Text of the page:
Often referred to as a “silent killer,” ovarian cancer is one of the most dangerous diseases a woman can have. One in 78 women is at risk of developing ovarian cancer in her lifetime, and of those diagnosed, 60 to 70 percent are found in the advanced stages, according to the American Cancer Society. Dr. Blair Smith, MD gynecologic oncologist with Sarah Cannon Cancer Institute at Research Medical Center in Kansas City, gives the lowdown on what to look for in the early stages of ovarian cancer.
“Unfortunately, a lot of [ovarian cancer] symptoms are very common symptoms that women have on a regular basis,” Smith says. The most common symptoms are bloating, abdominal pain, pelvic pain, nausea, difficulty eating, feeling full quickly and urgency to use the bathroom. Smith notes that due to the commonality of these problems, they may be overlooked, which results in women being diagnosed when their cancer is more advanced.
Less common symptoms that could also point to ovarian cancer include heartburn, back pain, pain during intercourse, constipation, menstrual irregularity, fatigue and unintentional weight loss. These symptoms will generally last more than two weeks and won’t improve even when health changes are made.
Factors such as race and origin can affect your chances of developing ovarian cancer. According to the American Cancer Society, caucasians and people of Eastern European descent rank highest in ovarian cancer risk, whereas those of Asian descent are at the lowest risk.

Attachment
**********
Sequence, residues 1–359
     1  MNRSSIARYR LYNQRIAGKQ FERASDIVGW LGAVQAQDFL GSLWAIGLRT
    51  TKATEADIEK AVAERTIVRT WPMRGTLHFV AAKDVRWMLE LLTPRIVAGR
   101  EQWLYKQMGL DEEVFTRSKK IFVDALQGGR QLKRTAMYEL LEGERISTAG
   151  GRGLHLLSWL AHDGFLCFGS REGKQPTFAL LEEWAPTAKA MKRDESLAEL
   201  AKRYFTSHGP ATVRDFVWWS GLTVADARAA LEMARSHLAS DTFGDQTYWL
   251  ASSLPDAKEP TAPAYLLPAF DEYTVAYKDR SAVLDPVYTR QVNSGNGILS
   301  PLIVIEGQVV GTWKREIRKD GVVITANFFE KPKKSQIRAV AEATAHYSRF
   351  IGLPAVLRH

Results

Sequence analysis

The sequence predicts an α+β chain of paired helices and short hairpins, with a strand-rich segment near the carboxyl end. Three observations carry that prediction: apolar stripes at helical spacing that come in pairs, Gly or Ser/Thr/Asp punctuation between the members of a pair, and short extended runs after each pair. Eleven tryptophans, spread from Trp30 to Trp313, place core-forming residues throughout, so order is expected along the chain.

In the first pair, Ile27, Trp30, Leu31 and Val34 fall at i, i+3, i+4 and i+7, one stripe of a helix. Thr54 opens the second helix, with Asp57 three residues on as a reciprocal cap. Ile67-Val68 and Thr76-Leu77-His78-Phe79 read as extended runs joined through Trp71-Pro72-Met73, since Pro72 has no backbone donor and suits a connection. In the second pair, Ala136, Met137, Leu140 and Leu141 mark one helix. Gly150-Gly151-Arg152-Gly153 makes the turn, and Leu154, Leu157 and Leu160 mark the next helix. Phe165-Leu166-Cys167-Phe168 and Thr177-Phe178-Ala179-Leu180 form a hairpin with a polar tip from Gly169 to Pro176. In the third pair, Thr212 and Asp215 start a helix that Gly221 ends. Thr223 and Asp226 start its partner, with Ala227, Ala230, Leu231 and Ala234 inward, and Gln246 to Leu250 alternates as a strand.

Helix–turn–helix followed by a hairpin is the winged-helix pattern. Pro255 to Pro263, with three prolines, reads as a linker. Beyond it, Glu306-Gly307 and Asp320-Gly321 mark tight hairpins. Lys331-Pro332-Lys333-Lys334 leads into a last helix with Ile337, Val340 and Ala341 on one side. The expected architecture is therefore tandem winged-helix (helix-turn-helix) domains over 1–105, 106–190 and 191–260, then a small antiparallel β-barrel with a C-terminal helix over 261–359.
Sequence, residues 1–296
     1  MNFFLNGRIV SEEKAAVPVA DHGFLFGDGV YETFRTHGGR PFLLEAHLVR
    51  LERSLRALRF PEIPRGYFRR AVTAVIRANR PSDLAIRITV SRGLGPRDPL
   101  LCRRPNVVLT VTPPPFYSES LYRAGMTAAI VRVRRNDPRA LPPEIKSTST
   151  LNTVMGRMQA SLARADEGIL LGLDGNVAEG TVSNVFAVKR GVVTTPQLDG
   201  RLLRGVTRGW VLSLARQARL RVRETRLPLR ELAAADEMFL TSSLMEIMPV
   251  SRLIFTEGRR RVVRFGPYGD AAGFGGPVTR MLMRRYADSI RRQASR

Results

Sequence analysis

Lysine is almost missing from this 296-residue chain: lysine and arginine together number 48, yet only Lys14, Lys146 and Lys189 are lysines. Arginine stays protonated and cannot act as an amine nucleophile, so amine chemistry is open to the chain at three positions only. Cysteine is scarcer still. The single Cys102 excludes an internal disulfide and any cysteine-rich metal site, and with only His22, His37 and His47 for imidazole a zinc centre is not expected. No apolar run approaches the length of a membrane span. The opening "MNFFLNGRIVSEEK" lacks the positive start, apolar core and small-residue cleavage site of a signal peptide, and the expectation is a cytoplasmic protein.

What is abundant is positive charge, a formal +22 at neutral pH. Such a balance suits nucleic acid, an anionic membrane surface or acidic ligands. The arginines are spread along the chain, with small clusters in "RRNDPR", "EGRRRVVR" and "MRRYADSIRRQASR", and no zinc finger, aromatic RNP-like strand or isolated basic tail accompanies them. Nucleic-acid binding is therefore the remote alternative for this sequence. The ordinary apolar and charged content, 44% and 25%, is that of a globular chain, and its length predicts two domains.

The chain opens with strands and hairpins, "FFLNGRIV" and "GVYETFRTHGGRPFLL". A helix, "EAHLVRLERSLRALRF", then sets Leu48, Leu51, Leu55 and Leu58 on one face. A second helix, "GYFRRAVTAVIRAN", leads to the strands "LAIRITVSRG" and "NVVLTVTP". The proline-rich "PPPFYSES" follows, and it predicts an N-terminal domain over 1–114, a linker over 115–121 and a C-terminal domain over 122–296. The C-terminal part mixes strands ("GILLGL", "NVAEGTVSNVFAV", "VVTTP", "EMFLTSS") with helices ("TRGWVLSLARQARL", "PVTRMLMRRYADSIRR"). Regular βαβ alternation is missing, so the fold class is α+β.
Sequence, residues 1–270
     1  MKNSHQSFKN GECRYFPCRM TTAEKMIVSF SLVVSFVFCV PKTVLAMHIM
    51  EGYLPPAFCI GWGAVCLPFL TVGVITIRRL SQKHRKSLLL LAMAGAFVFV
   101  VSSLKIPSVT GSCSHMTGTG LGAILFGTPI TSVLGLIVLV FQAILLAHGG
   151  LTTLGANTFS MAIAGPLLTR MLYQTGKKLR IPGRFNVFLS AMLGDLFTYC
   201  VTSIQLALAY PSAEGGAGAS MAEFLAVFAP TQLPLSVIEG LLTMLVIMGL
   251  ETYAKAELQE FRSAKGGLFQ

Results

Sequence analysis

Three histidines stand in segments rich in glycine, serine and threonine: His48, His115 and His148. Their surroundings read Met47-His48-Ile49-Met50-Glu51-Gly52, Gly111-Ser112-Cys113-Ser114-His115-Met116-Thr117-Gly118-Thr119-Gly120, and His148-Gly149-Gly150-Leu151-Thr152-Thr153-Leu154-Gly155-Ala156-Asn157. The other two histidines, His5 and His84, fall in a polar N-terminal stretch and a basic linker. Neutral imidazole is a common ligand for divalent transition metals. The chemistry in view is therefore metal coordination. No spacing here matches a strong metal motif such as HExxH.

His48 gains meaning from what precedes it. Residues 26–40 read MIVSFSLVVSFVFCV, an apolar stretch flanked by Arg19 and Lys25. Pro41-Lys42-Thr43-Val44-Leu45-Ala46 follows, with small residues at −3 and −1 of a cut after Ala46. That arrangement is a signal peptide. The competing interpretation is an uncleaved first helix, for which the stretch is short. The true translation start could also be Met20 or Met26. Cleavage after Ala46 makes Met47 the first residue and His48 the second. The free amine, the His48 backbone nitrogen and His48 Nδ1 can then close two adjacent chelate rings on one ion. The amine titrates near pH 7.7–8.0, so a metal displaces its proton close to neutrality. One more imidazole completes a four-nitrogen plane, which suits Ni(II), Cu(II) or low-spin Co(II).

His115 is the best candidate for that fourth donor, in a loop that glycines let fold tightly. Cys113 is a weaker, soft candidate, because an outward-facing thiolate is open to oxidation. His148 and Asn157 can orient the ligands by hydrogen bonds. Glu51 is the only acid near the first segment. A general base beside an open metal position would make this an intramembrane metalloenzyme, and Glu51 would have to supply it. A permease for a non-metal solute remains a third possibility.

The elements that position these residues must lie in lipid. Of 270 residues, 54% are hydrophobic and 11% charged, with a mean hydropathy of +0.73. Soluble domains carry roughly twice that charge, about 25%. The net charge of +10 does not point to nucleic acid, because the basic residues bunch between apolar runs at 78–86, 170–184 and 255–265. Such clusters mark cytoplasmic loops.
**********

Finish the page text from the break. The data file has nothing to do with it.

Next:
Most women diagnosed with ovarian cancer are age 60 or older. You also have an increased risk if you have never been pregnant or had a delayed pregnancy (after 35 years old). The most prominent risk factor, however, is a family history of inherited cancer syndromes. If breast or ovarian cancer runs in your family, be sure to get tested for a BRCA gene mutation.
Smith stresses the importance of pelvic exams in women over 18 and rectovaginal exams in women over 35. However, there is no steady screening process, like mammograms, to catch issues early on.
“Unfortunately, there’s no consistently reliable screening test to diagnose ovarian cancer,” Smith says, emphasizing that routine exams are the best system — especially if you do start to notice symptoms. “Kind of like looking in your mouth at the dentist, it’s important to look in your vagina, as well.”
Lower Your Risk
Some of the best preventative measures include using the birth control pill (a woman on the pill for more than five years reduces her lifetime risk of ovarian cancer by 50 percent), IUDs and tubal ligation. Smith urges the importance of eating a nutritious diet for overall health but notes that one diet has not proven more effective in preventing ovarian cancer over others.